A Natural wonder of the world, the Great Barrier Reef is one of Australia’s prized possessions. Creating more than 70,000 full time jobs and stretching 2300km along the coastline from Gladstone to Cape York, the Reef is central to the environmental and economic story of our nation.
For these reasons and others we must do everything we can to protect and promote the Reef, including engaging constructively with international organisations like UNESCO and its World Heritage Committee, which has shown a keen interest in our conservation efforts.
When the Coalition came to office in 2013, the Reef was on the Committee’s in danger “watch list”. But, through the good work of my predecessor Greg Hunt and working closely with the Queensland Government, the Reef was removed last year from that list and the chair of the World Heritage Committee praised Australia as a global role model for the management of World Heritage properties.
The Federal and State Governments’ $2 billion Reef 2050 Plan, with its 151 action items across seven key themes from biodiversity to heritage, and the Commonwealth’s $1 billion Reef Fund, which invests in clean energy projects tackling water quality and climate change, now provides a comprehensive and co-ordinated plan of action.
Against this backdrop I met with Director General of UNESCO Irina Bokova to update her on our progress.
For example, in the area of water quality, we are working with farmers to reduce nitrogen and sediment run off into the Reef. Adopting a market-based, competitive tender process, farmers are being financially incentivised to develop their own nitrogen targets and implement them.
In just the last year, trials in the wet tropics have prevented 86 tonnes of nitrogen from otherwise flowing into the Reef and this is just the start, as the goal is to reduce nitrogen run off by 80 per cent in the catchment area by 2025.
Reducing this run-off is important because the crown of thorns starfish, a coral-eating predator, has been breeding in rapid numbers as increased nitrogen flows into the water. During spawning, large females can produce up to 65 million eggs each as plankton blooms from more nutrients in the water, providing food for the starfish.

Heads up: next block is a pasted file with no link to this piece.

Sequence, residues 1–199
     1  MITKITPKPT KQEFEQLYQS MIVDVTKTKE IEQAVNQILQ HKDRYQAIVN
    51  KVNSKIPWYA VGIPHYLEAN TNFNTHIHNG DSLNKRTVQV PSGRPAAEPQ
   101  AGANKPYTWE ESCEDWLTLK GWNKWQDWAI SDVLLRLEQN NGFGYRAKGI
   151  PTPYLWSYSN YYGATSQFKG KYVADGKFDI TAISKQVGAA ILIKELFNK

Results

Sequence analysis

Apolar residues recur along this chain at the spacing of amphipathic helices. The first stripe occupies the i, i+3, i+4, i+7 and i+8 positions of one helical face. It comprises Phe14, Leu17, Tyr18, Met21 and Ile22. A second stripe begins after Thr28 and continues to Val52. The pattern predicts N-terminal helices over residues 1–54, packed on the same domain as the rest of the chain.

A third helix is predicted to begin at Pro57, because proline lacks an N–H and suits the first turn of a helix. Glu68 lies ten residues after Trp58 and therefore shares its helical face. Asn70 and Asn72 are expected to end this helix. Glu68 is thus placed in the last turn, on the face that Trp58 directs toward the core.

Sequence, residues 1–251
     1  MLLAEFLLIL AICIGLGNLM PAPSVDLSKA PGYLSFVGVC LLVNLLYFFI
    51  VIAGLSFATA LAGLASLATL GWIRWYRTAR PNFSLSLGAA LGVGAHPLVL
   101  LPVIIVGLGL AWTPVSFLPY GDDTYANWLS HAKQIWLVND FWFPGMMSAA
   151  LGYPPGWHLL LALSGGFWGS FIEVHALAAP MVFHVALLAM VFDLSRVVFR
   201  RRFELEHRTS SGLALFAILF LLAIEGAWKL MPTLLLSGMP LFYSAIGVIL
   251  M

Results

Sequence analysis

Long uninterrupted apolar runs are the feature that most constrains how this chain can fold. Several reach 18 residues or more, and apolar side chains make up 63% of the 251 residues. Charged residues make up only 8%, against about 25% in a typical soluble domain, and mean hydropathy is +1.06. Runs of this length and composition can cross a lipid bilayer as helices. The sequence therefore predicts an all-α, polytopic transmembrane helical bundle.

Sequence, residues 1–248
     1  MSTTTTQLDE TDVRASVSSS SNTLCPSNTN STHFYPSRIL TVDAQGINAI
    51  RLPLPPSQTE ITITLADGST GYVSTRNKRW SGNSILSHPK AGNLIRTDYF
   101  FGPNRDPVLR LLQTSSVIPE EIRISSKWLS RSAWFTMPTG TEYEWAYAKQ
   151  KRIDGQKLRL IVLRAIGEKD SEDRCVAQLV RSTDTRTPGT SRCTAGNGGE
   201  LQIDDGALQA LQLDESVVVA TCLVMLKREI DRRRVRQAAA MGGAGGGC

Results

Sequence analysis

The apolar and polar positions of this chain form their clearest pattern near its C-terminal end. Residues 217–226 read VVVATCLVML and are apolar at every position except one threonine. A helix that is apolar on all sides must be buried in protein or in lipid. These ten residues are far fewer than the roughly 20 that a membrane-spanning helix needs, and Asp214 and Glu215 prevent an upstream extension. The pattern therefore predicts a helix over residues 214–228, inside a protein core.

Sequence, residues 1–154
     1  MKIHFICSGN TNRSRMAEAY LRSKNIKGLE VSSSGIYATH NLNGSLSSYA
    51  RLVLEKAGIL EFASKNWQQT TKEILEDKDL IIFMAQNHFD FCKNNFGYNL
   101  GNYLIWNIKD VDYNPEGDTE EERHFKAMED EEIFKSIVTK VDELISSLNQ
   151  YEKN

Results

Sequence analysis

Indeed, the Institute of Marine Science documented how more than half the cover on coral reefs has been lost to crown of thorns outbreaks. While additional efforts have been taken to tackle the crown of thorns, including the commissioning of a new vessel staffed with indigenous rangers, minimising nitrogen run off is also key.
Work being undertaken via the federal $210 million Reef Trust also includes restoring farming landscapes and reducing gully erosion.
Improved grazing practices and land care management helps reduce sediment flowing into the Reef which would otherwise cloud the water and undermine coral health.
While it was revealed in the recent Great Barrier Reef Report Card that almost half the horticulture and grain properties in the Reef catchment area have already adopted best practice, much more work is needed, particularly in partnership with the sugarcane and grazing sectors.
Another area of focus has been port developments and dredge disposal.
Again, when we came to office, we inherited from Labor five dredge disposal projects in the marine park itself.
We quickly moved to end this practice, banning port-related capital dredge disposal in the entire world heritage area for the first time. The State Government has also moved to prohibit new port developments in the Reef area outside existing port areas.
In addition to nitrogen and sediment run-off, crown of thorns and developments, there are many other challenges the Reef faces.
Indeed, in 2016, a combination of climate change and El Nino effects led to a global coral bleaching event which caused 22 per cent mortality across the Reef. Of that, 85 per cent occurred in the 650km stretch in the far northern part of the Reef.
This was a terrible development but, contrary to some reports, the Reef is not dead and remains resilient. Indeed, in the three years leading up to the bleaching, coral cover increased across the Reef by 19 per cent.
The good news is that, just 18 months into the Reef 2050 Plan, real progress is being made. Active engagement by scientific experts, industry and community groups, including traditional land owners, has helped the Turnbull and Palaszczuk Governments implement a well-resourced, co-ordinated and evidence-based strategy to ensure the future health of the Reef.
More work must be done and will be done but we are well on our way.